Dogs training for the 2013 Master NationalDue to long-standing complaints that all hunting has been stopped when whooping cranes are present, the refuge had considered just permanently closing the hunting areas where, or near where, the whooping cranes usually congregate near the Big Salt Marsh. To make up for the loss, Quivira considered opening new areas in the eastern part of the refuge. With such a change, hunting could have possibly been allowed in those areas when whoopers were present elsewhere.

Losing access to the North Lake area, a favored hunting area north of the Big Salt Marsh, didn’t fit well with hunters.

“The vast majority, probably around 80 percent, of the public we heard from asked us to not close North Lake. They said if they had to choose, they’d rather have less hunting time than not get to hunt that area of the refuge,” Oldham said. “We also heard from non-hunters and they all said we shouldn’t do anything that would risk a whooping crane getting shot by leaving all hunting open. We really did take the (public) comments to heart.”

CLICK HERE TO REVIEW THE ENTIRE CONSERVATION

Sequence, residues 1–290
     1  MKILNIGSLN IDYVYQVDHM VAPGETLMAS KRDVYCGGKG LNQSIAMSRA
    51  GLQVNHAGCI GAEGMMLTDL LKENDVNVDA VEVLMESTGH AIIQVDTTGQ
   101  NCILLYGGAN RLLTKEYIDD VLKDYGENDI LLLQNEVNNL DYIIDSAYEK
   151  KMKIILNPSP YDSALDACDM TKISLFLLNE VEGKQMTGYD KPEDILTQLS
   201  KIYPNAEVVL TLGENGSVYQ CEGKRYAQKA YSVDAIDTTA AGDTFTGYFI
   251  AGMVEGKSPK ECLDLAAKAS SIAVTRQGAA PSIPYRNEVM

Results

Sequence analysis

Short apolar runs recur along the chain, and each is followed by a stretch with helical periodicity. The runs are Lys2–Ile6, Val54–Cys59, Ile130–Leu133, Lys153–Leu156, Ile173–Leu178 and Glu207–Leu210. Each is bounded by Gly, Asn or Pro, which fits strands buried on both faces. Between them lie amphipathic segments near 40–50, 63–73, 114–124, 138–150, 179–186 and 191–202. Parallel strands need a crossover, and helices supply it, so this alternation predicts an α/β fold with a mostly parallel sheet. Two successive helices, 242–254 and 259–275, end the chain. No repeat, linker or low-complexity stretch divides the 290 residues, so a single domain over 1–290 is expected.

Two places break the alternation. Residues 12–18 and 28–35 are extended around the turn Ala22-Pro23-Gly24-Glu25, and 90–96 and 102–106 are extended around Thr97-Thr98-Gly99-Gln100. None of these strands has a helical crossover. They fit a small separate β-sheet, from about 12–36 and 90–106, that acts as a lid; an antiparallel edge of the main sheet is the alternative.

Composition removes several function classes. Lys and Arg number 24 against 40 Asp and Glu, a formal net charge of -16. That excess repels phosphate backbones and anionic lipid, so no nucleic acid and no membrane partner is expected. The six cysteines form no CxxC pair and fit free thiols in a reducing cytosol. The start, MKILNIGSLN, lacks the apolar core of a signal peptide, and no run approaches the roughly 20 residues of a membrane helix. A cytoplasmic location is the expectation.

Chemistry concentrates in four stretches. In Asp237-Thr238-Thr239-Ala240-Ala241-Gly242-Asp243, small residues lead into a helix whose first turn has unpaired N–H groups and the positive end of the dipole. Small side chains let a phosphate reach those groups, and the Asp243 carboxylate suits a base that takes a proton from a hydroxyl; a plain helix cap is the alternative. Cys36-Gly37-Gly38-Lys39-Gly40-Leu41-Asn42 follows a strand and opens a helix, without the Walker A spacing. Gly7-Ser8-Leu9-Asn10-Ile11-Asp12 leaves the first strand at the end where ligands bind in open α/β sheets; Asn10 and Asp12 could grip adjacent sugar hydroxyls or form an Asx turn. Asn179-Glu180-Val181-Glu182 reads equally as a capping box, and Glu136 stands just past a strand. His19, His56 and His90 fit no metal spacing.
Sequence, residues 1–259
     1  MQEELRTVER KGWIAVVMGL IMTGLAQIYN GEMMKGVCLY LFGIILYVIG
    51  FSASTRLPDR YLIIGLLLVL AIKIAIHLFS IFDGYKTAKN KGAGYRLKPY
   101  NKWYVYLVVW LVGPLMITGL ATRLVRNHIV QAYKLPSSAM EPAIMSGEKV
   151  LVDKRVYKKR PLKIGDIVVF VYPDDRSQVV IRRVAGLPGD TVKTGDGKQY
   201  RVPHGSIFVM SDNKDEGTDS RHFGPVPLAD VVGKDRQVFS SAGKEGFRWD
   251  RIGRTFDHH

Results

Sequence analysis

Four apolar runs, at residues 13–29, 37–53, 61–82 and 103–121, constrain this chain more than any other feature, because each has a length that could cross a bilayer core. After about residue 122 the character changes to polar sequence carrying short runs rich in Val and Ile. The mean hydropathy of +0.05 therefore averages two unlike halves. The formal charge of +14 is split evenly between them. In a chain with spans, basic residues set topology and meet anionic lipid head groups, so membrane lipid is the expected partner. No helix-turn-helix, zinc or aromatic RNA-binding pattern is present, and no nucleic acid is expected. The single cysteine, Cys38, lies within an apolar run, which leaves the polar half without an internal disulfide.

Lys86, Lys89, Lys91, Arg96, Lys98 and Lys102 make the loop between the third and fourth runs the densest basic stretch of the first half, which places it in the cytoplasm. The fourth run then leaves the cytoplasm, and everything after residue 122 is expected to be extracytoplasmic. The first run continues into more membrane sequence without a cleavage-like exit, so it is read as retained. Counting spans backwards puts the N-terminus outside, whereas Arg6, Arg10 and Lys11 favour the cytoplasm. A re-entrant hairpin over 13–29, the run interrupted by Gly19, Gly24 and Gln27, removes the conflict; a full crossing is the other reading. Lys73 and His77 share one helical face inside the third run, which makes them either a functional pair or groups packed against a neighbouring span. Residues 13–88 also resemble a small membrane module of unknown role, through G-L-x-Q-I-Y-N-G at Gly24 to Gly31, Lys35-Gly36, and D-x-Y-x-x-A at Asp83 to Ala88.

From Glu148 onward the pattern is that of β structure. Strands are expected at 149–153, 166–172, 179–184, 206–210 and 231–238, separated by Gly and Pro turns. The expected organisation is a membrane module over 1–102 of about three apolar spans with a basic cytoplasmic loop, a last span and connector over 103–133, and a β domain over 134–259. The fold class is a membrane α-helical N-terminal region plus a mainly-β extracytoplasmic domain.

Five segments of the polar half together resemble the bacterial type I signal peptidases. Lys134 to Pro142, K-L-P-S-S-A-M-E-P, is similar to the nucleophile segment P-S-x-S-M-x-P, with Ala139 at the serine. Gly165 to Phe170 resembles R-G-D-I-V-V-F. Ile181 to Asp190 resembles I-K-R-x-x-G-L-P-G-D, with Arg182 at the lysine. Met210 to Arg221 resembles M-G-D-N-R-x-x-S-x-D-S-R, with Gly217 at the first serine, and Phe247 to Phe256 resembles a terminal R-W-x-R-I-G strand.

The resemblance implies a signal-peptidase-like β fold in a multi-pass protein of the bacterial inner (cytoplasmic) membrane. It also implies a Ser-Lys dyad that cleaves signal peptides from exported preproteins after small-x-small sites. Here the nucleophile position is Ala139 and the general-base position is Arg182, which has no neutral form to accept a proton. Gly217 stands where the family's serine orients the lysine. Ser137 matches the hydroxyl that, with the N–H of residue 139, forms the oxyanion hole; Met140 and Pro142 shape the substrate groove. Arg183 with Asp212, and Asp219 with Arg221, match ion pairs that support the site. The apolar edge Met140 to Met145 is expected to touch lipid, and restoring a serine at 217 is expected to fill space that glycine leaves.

Video highlights program that creates four-legged game wardens

Since about everybody hates poachers and about everybody loves dogs, this video of the Indiana K-9 Resource Protection Program.

YOU CAN CLICK HERE TO SEE THE VIDEO.

The video may be from Indiana but it has some close ties to Kansas. The very successful Kansas K-9 program is modeled after what’s been done in Indiana for quite a few years. In fact, the wardens within our program, and their dogs, get much of their training in Indiana. Several other states use the Indiana training program, too.

Kansas’ four-legged game wardens have played key roles in hundreds of cases, ranging from finding key bits of evidence used to help convict poachers to tracking down felons on the run.

Kansas game warden Chris Stout, of Wellington, makes an appearance on the video and furnished the link.

 

Blasts and Casts from hunting with Theresa Vail, Miss Kansas

I wasn’t surprised when I got the text on Sunday morning.  When I saw the name, I was pretty sure it would have a photo of Theresa Vail with a nice tom she’d shot just minutes before.

I was right on both counts. Knowing she didn’t fill her second turkey permit on Saturday’s second, and last, day of the Governor’s Turkey Hunt, I figured she’d be somewhere hunting for at least a while Sunday morning, even though she’d tagged a great bird on Friday.

Our current Miss Kansas really isn’t very good at failure. Then again, that’s not something she’s very familiar with.